Check speaker placement for Watt/puppy above, and check Luke and Locomotives on AQ label. Best Blues album in 90's.
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the tweeters should determine your stand height. Place them to be at your ear height when you are in your favorite listening position. The rest is more complicated. Essentially you want to reduce reflections from the room surfaces, and to have those that remain to have different single paths from each other to avoid the additive effects that occur when two or more reflections are the same signal length. You have to spend time experimenting in your room and negotiating with your spouse to finalize your speaker placement.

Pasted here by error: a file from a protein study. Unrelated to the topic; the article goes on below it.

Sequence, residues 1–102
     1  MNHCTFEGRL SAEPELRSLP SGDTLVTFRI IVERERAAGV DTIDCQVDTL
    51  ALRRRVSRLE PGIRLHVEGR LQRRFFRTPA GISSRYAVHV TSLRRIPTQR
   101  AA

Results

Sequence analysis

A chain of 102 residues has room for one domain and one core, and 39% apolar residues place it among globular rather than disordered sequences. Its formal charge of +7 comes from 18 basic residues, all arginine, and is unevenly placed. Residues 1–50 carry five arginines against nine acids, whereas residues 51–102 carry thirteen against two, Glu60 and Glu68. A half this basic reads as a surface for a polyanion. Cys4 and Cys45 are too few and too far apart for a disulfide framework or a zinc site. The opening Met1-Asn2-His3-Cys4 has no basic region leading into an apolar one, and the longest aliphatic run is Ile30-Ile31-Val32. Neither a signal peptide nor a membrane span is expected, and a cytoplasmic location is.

Stereophile Guide to Home Theater did an article sometime last year on speaker placement, standing waves, room dimensions, and placement. It gave you all the tools to get to a very good starting point. Unfortunately it's pretty difficult to use. There are a few companies that have used the same properties found in that article and made computer programs that do the same thing. One of these is KB Acoustics, but there are others. (http://www.kbacoustics.com/vear.html) You've probably already heard about the rule of thirds. It doesn't always work so well. In fact, it's more like a starting point. Also, I agree with having the tweeters at listening ear height. First order reflections are also a big issue and will effect speaker placement quite a lot. If you can (WAF) put absorbing panels at the point of first order flections on the side walls you can generally spread your speakers further apart and get a better soundstage. Lastly is the listening position which can be almost as important as speaker placement. If you are located in a "null" point or a "peak" point for any added frequencies (harmonics) things can sound pretty bad. You want to be in a point of fairly flat response--the software I mentioned takes this into account as well. Hope this helps.